May 17, 2019 | Office of Attorney General Keith Ellison

Press Release

State of Minnesota adds Sackler family as defendants in lawsuit against Purdue Pharma

Attorney General Ellison announces State asking court to amend complaint against opioid manufacturer to include eight members of Sackler family, which owns company, as individual defendants

May 17, 2019 (SAINT PAUL) — Minnesota Attorney General Keith Ellison announced today that the State of Minnesota has asked the Hennepin County District Court for permission to amend its lawsuit against opioid manufacturer Purdue Pharma to add eight members of the Sackler family, which owns and operates Purdue, as individual defendants.

“The Sackler family controlled Purdue at all times. They were intimately involved in directing Purdue’s deceptive and fraudulent marketing tactics and driving strategies to sell more and more opioids, despite fully knowing the risks to Minnesotans. Their misconduct led directly to damage and death in every community in Minnesota,” Attorney General Ellison said.

“They knew what they were doing, and they did it anyway. Today, we’re holding them personally accountable for the harm they and their greed have done to the people of our state,” he added.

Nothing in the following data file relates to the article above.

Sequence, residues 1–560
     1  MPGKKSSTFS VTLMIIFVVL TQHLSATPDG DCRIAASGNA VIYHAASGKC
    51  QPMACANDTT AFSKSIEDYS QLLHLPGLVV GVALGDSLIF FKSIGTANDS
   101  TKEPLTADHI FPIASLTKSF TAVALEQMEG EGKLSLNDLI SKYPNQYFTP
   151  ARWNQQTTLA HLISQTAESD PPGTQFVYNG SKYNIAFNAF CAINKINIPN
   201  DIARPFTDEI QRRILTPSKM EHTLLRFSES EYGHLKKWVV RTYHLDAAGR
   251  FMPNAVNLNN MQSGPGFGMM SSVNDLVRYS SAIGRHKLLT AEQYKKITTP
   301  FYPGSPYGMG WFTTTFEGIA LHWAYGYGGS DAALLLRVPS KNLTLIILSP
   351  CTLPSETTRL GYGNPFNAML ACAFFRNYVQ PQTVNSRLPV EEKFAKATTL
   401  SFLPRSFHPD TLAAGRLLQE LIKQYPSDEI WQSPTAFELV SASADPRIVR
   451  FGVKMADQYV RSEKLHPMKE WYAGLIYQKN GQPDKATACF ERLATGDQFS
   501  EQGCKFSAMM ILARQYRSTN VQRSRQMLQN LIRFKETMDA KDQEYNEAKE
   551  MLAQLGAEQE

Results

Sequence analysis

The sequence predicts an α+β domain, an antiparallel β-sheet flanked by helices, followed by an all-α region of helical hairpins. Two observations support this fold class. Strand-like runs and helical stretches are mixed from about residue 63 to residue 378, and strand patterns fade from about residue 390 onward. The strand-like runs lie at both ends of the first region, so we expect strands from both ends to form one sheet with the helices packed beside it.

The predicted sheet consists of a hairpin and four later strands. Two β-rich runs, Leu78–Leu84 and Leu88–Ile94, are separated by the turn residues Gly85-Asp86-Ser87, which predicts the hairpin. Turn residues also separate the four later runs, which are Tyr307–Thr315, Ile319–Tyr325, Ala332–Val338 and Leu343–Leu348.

Attorney General Ellison was joined at the press conference by members of his Advisory Task Force for Lowering Pharmaceutical Drug Costs, including nurse consultant Shirlynn La Chapelle, patient advocate Elo Alston, and State Representatives John Lesch (DFL–Saint Paul) and Rod Hamilton (R–Worthington). Representative Lesch said, “People who hide behind the liability protections of a corporation should not be allowed to endanger the people of Minnesota by those protections. This amended lawsuit allows us to get to the source of the scourge that is endangering Minnesotans.” Representative Hamilton added, “This isn’t a partisan issue. We can stand up for the people of Minnesota to do what’s right.”

Sackler defendants’ behavior